Tuesday, 9 April 2013

Why I didn't celebrate the death of Thatcher (but why others did)

Compared to many other parts of the city, where I’m from in Liverpool is a relatively affluent area.  People aren’t overwhelmingly rich, but they tend not to be particularly poor either.  Many people own their homes, the schools tend to be good, there are relatively high levels of employment and more 18-year-olds than anywhere else in the city go to university.

I’m a product of this part of Liverpool. My upbringing was safe and secure and I went to university. So although ideologically I have always been against what Thatcherism stood for (at least as long as I have known what ideology meant), I cannot claim to be a victim of it.  For that reason, I also cannot claim to be happy that Thatcher herself is dead.

But you don’t have to stray too far from where I grew up to find the victims of Thatcherism and witness the devastation its policies brought about.  As you drive towards Lime Street from the far north of Liverpool, the houses become more boarded up, the shops more derelict and the streets more empty.  The neighbourhoods just north of Liverpool city centre have failed to recover from an economic war waged against them 30 years ago.  Opportunity is scarce, jobs even scarcer.  There is a sense that whole communities are dying.

The same scenes are repeated across many of the industrial cities that had the same war waged against them.  Thirty years on and not much has changed.  New Labour should – and could – have done much more.  That they didn’t is a testament to the power that Thatcherism has.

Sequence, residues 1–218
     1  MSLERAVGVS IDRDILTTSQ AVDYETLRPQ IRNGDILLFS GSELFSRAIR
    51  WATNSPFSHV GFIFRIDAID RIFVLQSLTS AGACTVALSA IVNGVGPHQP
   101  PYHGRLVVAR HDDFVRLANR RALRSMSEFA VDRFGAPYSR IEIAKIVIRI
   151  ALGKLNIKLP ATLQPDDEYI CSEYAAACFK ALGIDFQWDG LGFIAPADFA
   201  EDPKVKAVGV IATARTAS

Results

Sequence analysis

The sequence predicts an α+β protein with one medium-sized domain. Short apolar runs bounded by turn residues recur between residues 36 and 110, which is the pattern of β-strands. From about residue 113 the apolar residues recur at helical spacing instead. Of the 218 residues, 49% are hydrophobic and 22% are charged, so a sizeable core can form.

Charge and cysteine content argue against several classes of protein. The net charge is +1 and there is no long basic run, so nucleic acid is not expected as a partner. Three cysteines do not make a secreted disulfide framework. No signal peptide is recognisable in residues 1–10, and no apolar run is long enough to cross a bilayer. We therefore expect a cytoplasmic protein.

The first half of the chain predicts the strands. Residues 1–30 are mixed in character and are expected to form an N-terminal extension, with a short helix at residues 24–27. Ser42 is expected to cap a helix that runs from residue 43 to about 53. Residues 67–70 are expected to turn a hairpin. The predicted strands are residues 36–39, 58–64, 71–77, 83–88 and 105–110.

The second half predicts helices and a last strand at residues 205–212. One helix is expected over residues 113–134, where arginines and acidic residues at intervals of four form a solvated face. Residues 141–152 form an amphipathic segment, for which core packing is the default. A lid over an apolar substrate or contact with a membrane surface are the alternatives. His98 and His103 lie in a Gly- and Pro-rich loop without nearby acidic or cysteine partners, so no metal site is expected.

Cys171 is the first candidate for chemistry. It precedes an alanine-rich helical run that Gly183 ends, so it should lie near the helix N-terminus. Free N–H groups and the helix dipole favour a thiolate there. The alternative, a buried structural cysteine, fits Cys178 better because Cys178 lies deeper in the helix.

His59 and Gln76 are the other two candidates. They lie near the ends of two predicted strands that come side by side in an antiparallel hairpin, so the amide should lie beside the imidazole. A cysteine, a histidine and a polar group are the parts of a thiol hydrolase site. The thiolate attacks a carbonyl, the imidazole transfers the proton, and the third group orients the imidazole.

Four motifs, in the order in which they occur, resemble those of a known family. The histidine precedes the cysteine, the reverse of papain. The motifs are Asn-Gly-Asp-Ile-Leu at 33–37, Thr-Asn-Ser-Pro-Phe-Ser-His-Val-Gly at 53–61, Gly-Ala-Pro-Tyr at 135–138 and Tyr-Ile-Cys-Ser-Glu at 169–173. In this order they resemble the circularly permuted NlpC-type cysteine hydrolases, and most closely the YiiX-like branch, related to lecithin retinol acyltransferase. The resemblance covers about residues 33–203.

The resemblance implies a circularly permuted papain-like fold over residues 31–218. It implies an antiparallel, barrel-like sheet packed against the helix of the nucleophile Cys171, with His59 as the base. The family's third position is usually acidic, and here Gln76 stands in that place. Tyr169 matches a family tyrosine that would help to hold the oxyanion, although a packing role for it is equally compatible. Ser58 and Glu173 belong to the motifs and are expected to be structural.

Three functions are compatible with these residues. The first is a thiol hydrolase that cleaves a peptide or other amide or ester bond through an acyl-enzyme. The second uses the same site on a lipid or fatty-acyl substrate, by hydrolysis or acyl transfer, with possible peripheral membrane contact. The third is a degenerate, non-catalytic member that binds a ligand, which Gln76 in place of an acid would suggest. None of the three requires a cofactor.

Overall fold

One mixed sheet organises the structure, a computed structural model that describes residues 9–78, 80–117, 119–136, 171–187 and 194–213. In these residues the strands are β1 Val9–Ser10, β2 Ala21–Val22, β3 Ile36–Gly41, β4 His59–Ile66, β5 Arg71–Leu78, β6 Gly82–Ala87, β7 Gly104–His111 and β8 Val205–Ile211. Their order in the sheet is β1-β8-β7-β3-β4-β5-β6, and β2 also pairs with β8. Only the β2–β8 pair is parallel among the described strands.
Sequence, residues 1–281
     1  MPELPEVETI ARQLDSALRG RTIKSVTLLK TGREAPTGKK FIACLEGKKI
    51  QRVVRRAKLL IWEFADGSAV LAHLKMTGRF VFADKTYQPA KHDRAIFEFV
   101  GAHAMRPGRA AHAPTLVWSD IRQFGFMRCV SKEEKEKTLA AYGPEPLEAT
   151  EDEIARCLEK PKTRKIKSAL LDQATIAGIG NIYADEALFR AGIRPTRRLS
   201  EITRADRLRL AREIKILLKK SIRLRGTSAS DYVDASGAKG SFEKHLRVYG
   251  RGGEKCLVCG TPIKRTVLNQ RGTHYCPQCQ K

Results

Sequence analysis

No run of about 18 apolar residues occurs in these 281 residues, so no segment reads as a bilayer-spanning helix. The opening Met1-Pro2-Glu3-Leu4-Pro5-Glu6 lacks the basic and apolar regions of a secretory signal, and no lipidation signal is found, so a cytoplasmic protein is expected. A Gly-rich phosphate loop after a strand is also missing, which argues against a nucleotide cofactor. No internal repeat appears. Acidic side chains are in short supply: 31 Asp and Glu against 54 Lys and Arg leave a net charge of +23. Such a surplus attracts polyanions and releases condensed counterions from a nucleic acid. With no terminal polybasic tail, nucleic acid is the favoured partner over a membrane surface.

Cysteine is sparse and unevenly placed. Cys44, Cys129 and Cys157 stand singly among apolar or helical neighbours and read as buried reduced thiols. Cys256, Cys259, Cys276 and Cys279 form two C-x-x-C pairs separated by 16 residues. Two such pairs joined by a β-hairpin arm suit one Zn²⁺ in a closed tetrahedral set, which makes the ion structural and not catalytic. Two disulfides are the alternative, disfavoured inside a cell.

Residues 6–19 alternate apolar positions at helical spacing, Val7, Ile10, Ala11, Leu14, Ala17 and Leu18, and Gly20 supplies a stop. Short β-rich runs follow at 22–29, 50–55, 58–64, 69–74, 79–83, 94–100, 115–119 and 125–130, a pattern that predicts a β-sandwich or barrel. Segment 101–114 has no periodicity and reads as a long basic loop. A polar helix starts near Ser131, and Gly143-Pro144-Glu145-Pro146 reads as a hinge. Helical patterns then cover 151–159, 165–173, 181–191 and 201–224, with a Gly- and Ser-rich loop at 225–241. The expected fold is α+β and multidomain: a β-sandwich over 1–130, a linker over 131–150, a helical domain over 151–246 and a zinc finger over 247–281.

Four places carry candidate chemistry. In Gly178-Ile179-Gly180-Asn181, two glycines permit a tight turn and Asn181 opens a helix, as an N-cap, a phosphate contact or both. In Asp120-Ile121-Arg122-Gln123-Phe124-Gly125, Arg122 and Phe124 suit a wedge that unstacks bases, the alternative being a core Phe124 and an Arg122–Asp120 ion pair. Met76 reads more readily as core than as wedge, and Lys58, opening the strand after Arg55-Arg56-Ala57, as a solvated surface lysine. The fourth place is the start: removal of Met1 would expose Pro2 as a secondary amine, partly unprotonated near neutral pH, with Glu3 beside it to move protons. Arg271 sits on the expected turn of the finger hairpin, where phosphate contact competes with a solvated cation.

I don’t think people like me have a reason to celebrate the death of Margaret Thatcher: even if we disagree with the principles she believed in and the policies she implemented. This is why there is repulsion from many towards the street parties in places like Brixton.  A sense that the misery of some has been appropriated by the fortunate.

But that doesn’t mean there aren’t people who suffered and continue to suffer as a result of her legacy. And when it comes to these people – the real victims of Thatcherism – it is difficult, and perhaps wrong, for any of us to feel too self-righteous.

1 comment:

  1. It seems to me from people I know that a lot of people who live in the South East of the country don't appreciate quite how decimated a lot of communities in the formerly industrial North are. The consequences of deindustrialistion just aren't as visible as there, which I think is one cause of the North-South divide in attitudes towards Thatcherism.